Recently, in a Reuters study, news came out that “long-term high-dose use of painkillers such as ibuprofen or diclofenac is ‘equally hazardous’ in terms of heart attack risk as use of the drug Vioxx, which was withdrawn due to its potential dangers”.
You probably remember this incident a few years ago, despite the fact that scientific research had accumulated as early as 2000 linking Vioxx to increased heart attacks and strokes, the drug’s manufacturer Merck, and the FDA, remained silent as the death toll steadily increased.
Why are so many folks taking NSAID drugs like ibuprofen anyway?
Pain and unhealthy levels of inflammation are fast becoming default bodily states in the industrialized world. While in most cases we can adjust the underlying pro-inflammatory conditions by altering our diet, and reducing stress and environmental chemical exposures, these approaches take time, discipline and energy, and sometimes we just want the pain to stop now. In those often compulsive moments we find ourselves popping an over-the-counter pill to kill the pain.
The problem with this approach is that, if we do it often enough, we may kill ourselves along with the pain…
As mentioned above, this petrochemical-derivative has been linked to significantly increased risk of heart attack and increased cardiac and all-cause mortality (when combined with aspirin), with over two dozen serious adverse health effects, including:
Anemia, Hearing Damage, DNA Damage, Hypertension, Influenza and Miscarriage
So, what can you do instead?
Research on Natural Alternatives To Ibuprofen
Here is some evidence-based research on alternatives to ibuprofen According to the National Library of Medicine:
Ginger – A 2009 study found that ginger capsules (250 mg, four times daily) were as effective as the drugs mefenamic acid and ibuprofen for relieving pain in women associated with their menstrual cycle.
Topical Arnica – A 2007 human study found that topical treatment with arnica was as effective as ibuprofen for hand osteoarthritis, but with lower incidence of side effects.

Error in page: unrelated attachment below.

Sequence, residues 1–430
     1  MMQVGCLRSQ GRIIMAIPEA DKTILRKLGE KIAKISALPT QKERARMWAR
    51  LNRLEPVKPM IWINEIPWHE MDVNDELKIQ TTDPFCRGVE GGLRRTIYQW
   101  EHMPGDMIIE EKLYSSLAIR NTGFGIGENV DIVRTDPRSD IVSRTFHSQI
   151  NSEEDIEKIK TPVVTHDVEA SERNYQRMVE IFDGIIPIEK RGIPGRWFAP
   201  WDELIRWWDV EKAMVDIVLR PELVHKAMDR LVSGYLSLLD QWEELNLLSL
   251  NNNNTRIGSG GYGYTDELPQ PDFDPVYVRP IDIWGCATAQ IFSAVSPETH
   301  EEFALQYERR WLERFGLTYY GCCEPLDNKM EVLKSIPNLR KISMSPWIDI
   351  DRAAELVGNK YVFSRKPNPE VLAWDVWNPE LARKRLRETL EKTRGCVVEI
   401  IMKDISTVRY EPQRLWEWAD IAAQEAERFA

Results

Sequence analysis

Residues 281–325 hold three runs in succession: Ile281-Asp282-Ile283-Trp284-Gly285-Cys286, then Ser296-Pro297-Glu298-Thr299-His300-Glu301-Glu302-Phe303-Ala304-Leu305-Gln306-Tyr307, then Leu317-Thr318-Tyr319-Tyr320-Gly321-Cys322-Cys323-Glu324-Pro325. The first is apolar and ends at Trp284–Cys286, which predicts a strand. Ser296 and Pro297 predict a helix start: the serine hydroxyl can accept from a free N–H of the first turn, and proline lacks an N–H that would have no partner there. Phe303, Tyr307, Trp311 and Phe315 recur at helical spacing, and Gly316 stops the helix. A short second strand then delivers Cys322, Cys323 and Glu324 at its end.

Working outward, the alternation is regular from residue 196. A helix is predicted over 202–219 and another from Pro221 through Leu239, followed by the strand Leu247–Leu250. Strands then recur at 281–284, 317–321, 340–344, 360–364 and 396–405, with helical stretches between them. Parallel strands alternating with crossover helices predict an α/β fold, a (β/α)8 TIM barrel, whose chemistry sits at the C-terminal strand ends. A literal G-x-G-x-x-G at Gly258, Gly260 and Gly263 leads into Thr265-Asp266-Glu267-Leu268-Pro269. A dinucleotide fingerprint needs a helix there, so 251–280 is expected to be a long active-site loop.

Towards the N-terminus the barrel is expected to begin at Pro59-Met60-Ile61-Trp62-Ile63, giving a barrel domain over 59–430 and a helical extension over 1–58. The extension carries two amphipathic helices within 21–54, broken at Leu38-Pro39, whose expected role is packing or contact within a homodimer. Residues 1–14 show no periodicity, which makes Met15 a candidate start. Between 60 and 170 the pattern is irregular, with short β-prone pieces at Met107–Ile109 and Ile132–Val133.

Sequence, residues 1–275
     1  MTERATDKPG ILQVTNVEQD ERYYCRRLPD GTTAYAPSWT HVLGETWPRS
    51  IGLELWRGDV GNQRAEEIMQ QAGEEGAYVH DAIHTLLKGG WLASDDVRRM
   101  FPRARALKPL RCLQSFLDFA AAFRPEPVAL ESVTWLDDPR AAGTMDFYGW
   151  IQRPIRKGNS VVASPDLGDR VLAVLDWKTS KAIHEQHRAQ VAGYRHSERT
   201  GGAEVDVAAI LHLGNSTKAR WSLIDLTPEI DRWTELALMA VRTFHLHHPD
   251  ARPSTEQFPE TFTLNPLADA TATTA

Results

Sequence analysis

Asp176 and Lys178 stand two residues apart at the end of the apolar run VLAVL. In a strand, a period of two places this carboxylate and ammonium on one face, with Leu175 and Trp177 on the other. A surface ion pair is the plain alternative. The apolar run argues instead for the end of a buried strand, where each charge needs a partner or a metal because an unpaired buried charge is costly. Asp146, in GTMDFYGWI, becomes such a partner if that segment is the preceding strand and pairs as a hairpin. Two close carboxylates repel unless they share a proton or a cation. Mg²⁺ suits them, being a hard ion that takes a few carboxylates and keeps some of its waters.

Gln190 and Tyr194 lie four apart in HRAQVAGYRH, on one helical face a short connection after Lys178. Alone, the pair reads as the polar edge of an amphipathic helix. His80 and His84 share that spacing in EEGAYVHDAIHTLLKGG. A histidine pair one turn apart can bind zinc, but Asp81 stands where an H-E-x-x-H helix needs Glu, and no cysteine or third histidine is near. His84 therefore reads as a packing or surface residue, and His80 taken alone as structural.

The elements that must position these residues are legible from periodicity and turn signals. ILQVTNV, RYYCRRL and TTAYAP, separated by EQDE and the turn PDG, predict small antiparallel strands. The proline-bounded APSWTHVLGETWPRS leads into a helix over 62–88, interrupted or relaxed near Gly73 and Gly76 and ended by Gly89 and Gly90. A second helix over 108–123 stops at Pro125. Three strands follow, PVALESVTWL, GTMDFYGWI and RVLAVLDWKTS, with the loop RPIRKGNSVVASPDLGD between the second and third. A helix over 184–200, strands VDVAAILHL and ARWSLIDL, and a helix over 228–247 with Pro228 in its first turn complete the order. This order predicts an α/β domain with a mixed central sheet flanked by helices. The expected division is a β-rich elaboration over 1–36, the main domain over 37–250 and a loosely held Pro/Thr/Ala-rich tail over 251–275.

Combination: Astaxanthin, Ginkgo biloba and Vitamin C – A 2011 animal study found this combination to be equal to or better than ibuprofen for reducing asthma-associated respiratory inflammation.
Chinese Skullcap – A 2003 animal study found that a compound in Chinese skullcap known as baicalin was equipotent to ibuprofen in reducing pain.
Omega-3 fatty acids: A 2006 human study found that omega-3 fatty acids were as effective as ibuprofen in reducing arthritis pain, but with the added benefit of having less side effects
Panax Ginseng – A 2008 animal study found that panax ginseng had analgesic and anti-inflammatory activity similar to ibuprofen, indicating its possible anti-rheumatoid arthritis properties.
St. John’s Wort – A 2004 animal study found that St. John’s wort was twice as effective as ibuprofen as a pain-killer
Anthrocyanins from Sweet Cherries & Raspberries – A 2001 study cell study found that anthrocyanins extracted from raspberries and sweet cherries were as effective as ibuprofen and naproxen at suppressing the inflammation-associated enzyme known as cyclooxygenase.
Holy Basil – A 2000 study found that holy basil contains compounds with anti-inflammatory activity comparable to ibuprofen, naproxen and aspirin.
Olive Oil (oleocanthal) – a compound found within olive oil known as oleocanthal has been shown to have anti-inflammatory properties similar to ibuprofen.
There are, of course, hundreds of additional substances which have been studied for their pain-killing and/or anti-inflammatory effects, and there are also aromatherapeutic approaches that do not require the ingestion of anything at all, but there is also a danger here. When we think of taking an alternative pain-killer to ibuprofen, we are still thinking within the palliative, allopathic medical model: suppress the symptom, and go on about our business. It would behoove us to look deeper into what is causing our pain. And when possible, remove the cause(s). And that often requires a dramatic dietary shift away from pro-inflammatory foods, many of which most Westerners still consider absolutely delightful, e.g. wheat, dairy, nightshade vegetables and even wheat-free grains, etc.